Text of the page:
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Defense focuses on crime scene integrity

By Matt Bean
Court TV

Maj. Timothy Palmbach testifies on behalf of the defense about crime scene integrity.
Maj. Timothy Palmbach testifies on behalf of the defense about crime scene integrity.

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DURHAM, North Carolina (Court TV) -- No crime scene investigation is perfect, but the one Durham police conducted at the home of Kathleen and Michael Peterson was a study in errors, a forensic expert testified Monday.

"It's always a balance and a struggle," said Maj. Timothy Palmbach, the director of the Connecticut Division of Scientific Services who works with forensic pioneer Henry Lee on the side.

Palmbach, who took the stand earlier in the trial and returned Monday during the defense's case, said the integrity of a crime scene is second only to the duty of emergency responders to save lives -- and even then, EMS personnel should have an eye on preserving the evidence.

After a victim is declared dead, the "priority area" around the body should be protected, Palmbach explained. Evidence should be packaged individually to protect cross-contamination, the scene should be thoroughly documented, and family members shouldn't be allowed to rush to the body, as Michael Peterson and his son did that night.

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The testimony came during prosecutor Jim Hardin Jr.'s cross-examination of Palmbach. Hardin was attempting to show that Durham police and investigators from the state Bureau of Investigation did not bungle the investigation, and any mistakes they did make were not serious.

Prosecutors say Peterson, 59, bludgeoned his wife of five years to death and made the murder look like a stairway fall. Peterson, who could spend life in prison if convicted, says he was out by the pool when she fell.

Palmbach, who said he'd analyzed more than 300 crime scenes with the Connecticut police, admitted that none of them were perfectly maintained. But more should have been done to ensure that Kathleen Peterson's death site was not contaminated.

Free expert testimony

Some of the issues that Palmbach singled out:

• Kathleen Peterson's shoes were not individually packaged, and could have been cross-contaminated.

• Her eyeglasses were not collected for evidence.

• Towels at the scene were not collected.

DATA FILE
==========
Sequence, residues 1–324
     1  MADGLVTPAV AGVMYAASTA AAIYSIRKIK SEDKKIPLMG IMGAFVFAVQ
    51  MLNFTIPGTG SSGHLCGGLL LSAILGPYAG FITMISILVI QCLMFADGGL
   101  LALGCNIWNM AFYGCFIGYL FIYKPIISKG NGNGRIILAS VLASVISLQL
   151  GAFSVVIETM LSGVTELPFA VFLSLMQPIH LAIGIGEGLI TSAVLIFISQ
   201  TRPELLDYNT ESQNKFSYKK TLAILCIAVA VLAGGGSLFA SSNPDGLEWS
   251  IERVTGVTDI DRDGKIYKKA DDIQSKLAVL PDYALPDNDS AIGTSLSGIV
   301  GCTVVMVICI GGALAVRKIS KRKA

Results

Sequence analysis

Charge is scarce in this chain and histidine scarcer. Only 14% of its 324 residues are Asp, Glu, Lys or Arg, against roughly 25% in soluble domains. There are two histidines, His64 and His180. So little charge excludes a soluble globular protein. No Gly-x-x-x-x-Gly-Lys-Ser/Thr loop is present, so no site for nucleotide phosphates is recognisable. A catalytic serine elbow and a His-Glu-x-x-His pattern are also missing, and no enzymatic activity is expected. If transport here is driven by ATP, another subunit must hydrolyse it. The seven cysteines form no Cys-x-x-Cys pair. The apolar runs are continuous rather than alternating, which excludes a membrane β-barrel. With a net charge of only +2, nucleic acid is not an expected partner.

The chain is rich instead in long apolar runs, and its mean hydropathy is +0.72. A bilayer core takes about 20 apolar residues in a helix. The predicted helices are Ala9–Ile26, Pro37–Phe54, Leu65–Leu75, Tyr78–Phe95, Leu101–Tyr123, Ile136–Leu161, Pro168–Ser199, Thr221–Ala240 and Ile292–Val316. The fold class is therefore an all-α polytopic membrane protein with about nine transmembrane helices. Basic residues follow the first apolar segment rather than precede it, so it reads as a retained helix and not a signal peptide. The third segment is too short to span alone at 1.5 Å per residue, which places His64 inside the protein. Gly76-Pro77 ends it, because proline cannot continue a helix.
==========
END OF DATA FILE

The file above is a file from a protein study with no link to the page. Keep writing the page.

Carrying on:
• Sandals at the scene were not collected.

• More photographs should have been taken of the scene, including close-ups of blood spatter evidence.

Hardin also asked Palmbach about his arrangement with the State of Connecticut, which allows him to work with Henry Lee in the Forensic Research Training Center, analyzing cases for clients and testifying about them, as he has in Peterson's trial.

Most states do not allow such an arrangement, said Palmbach, adding, "It's a shame."

But Palmbach's time is not handsomely rewarded: for now, he's working eight to 10 hours with Lee to get experience, not money. Last year, he said, he was paid only $2,000, and he expects to see no money from his 150 hours of work on Peterson's case.

Cleaning the scene

Also Monday, the Peterson family's occasional housekeeper, Clyde Andrson, testified that he'd never seen the blow poke fireplace tool that prosecutors have suggested as the murder weapon.

On cross-examination, however, Andrson, who started working for the family in 1999 and now holds a job as a cook at a Shoney's restaurant, admitted that there could have been a blow poke there without his knowledge.

Andrson's duties for the family centered on the upkeep of their 10,000 square-foot home in Durham. In addition to mowing the lawn and cleaning inside the house, he testified, he cleaned up part of the scene with a wet sponge under orders from Candace Zamperini, the victim's sister.

Zamperini never mentioned the request during her time on the stand for the prosecution, but did say she'd cleaned blood off a framed print hanging in the hallway, breaking down as she recalled blood running down her forearms in the process.

But the part of the hallway outside the stairwell that Andrson swabbed could have yielded important blood spatter evidence.

It wasn't the only time Andrson's testimony clashed with Zamperini's. Early in the trial, Zamperini said she hadn't seen the furniture by the pool (lending suspicion to Peterson's claim that he was poolside when his wife was killed), but Andrson said it was always there.

The main portion of Peterson's first-degree murder trial is slowly drawing to a close. Court was not held Thursday and Friday of last week due to Hurricane Isabel, and Palmbach and Andrson together spent only about an hour testifying Monday. Defense attorney David Rudolf said he has two potential witnesses for tomorrow pending evidentiary issues, and would likely rest on the trial's 50th day.

A round of rebuttal witnesses could prolong the trial, with prosecutors saying they plan to call five rebuttal witnesses. Rudolf filed a motion Monday morning to limit the scope of the rebuttal line-up, calling some of the witnesses cumulative, and Judge Orlando Hudson Jr. said he will rule on a witness-by-witness basis.

The trial, which is being broadcast live by Court TV, resumes at 9:30 a.m.

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